Is recovery entertaining? Laura Dern, so memorable in over-the-top roles in “Rambling Rose,” ‘‘Recount” and “Blue Velvet,” returns to form in “Enlightenment” (8:30 p.m., HBO) as Amy, an ambitious corporate executive who has just seen her career go down the toilet. In fact, that’s where we meet her. With tears streaking her mascara, Amy overhears her co-workers gossiping about her well-deserved demotion and her affair. She bursts out of the stall and rampages through her office, searching desperately for her ex-lover, the man she’s sure has orchestrated her downfall. It’s a great scene but, unfortunately, the most explosive of the episode.
After a stint in some kind of Hawaiian spa and New Age retreat, Amy returns and seems transformed. But just as folks feared the hot-tempered Amy, they recoil at her new spiritual incarnation. Her mother, Helen (Dern’s real-life mother, Diane Ladd), can barely tolerate her touchy-feely demeanor. Her old corporate colleagues give her the runaround, her ex-husband (Luke Wilson) comes on to her with cocaine, and her former assistant avoids her because she has taken Amy’s job. Amy returns to intense form only when she pursues her ex-lover with an attempt at “closure” that he mistakes for stalking. And he’s more than half right.
‘‘Enlightenment” attempts the near impossible. A tale of dysfunction, meltdown and recovery, the series focuses on the latter — the long, hard process of trying to avoid self-destructive habits and live well.
That’s all very nice, but this is television. And dramas and comedies don’t often lend themselves to serenity or its pursuit. Some of the smartest writing here explores that fine line between New Age self-discovery and passive- aggressive cunning. In one nuanced scene, Amy makes a veiled threat to sue her old firm sound like a spiritual “affirmation.” Is her Oprah-fied language a sign of change, or merely a new suit of armor?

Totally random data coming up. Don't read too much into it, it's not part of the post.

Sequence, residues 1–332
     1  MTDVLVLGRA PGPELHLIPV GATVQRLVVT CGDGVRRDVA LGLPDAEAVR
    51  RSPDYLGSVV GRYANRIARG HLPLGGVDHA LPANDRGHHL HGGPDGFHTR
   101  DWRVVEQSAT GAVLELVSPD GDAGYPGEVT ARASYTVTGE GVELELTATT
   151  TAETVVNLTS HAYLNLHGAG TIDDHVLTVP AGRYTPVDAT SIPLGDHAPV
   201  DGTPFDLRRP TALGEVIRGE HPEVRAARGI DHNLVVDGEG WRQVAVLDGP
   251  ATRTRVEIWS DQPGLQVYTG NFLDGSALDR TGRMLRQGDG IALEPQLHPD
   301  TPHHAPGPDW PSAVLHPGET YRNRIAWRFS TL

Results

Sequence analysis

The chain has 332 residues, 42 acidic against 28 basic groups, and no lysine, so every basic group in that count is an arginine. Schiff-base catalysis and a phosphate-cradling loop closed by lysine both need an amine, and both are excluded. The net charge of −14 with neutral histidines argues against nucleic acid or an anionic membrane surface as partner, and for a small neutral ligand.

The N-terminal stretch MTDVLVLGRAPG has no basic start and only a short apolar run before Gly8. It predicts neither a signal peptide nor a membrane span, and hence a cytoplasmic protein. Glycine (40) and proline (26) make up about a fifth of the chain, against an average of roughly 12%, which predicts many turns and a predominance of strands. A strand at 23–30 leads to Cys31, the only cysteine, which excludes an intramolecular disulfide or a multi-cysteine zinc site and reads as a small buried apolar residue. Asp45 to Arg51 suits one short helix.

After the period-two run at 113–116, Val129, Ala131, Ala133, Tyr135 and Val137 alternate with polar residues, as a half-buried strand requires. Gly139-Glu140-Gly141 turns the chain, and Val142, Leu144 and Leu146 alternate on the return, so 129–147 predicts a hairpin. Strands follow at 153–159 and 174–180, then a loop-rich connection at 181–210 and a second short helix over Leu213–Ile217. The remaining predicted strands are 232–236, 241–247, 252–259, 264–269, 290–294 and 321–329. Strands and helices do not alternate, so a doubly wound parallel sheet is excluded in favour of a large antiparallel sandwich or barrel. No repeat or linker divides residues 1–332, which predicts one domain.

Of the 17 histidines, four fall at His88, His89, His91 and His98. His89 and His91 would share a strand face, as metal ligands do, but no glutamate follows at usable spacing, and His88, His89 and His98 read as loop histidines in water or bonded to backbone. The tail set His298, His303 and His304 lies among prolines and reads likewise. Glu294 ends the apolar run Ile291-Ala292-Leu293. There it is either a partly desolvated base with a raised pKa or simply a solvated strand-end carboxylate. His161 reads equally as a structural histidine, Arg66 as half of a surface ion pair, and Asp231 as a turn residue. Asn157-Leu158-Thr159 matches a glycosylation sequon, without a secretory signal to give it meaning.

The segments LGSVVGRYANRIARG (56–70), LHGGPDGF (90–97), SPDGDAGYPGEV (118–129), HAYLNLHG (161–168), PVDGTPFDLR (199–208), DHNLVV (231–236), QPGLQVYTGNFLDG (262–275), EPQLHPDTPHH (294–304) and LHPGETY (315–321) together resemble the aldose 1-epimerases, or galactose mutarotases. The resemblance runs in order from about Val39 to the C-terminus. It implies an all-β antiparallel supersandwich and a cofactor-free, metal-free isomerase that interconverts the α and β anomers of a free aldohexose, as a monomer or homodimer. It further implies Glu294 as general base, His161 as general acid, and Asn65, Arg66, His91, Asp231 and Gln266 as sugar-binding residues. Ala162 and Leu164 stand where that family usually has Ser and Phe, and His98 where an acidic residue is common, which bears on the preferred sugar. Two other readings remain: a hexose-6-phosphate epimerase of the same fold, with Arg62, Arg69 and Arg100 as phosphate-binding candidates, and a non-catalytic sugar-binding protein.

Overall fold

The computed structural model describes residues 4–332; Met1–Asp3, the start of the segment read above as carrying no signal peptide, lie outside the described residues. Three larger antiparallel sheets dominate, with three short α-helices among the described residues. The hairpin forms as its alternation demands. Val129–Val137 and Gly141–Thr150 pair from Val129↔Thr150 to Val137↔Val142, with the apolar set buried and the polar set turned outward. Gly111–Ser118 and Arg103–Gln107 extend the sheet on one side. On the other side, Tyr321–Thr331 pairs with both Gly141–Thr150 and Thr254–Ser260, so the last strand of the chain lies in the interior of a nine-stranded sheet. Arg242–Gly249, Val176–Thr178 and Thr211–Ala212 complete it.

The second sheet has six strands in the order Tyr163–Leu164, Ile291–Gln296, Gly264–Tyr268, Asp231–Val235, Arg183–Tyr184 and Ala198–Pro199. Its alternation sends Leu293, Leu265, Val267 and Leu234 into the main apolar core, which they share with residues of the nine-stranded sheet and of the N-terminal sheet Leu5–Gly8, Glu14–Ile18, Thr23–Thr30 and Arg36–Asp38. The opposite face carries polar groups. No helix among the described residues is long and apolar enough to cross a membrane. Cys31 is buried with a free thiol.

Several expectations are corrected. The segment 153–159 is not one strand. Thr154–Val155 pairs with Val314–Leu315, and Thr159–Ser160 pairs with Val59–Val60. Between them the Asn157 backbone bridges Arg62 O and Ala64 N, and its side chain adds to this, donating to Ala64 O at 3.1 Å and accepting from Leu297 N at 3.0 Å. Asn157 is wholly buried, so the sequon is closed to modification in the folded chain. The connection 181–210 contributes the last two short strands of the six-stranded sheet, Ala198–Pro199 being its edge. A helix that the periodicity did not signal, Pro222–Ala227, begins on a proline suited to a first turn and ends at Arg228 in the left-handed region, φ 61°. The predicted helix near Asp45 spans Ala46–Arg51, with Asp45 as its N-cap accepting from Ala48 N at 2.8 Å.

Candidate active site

In many ways, “Enlightenment” is the anti-“House.” It keeps the emphasis on getting straight and growing up. That may not sound like as much fun as watching Laura Dern throw a fit. But with a little indulgence, “Enlightenment” could grow on you.
Tonight’s other highlights
• “The Rosie Show” (6 p.m., OWN), a new talk show featuring Rosie O’Donnell, makes its debut.
• Sweatin’ to the oldies on “The Sing-Off” (7 p.m., NBC).
• A prehistoric virus inspires some modern science on “Terra Nova” (7 p.m., Fox).
• Princeton Plainsboro needs help on “House” (8 p.m., Fox).
• Britain and America fight over the fate of a continent in the documentary “The War of 1812” (8 p.m., PBS, check local listings).
• Family woes on the season premiere of “Bored to Death” (8 p.m., HBO).
• A deep-sea diver expires on “Hawaii Five-O” (9 p.m., CBS).
• Jane faces down a robber at her dad’s saloon on “Prime Suspect” (9 p.m., NBC). NBC has canceled “Playboy Club.”
• A killer’s gun seems familiar on “Castle” (9 p.m., ABC)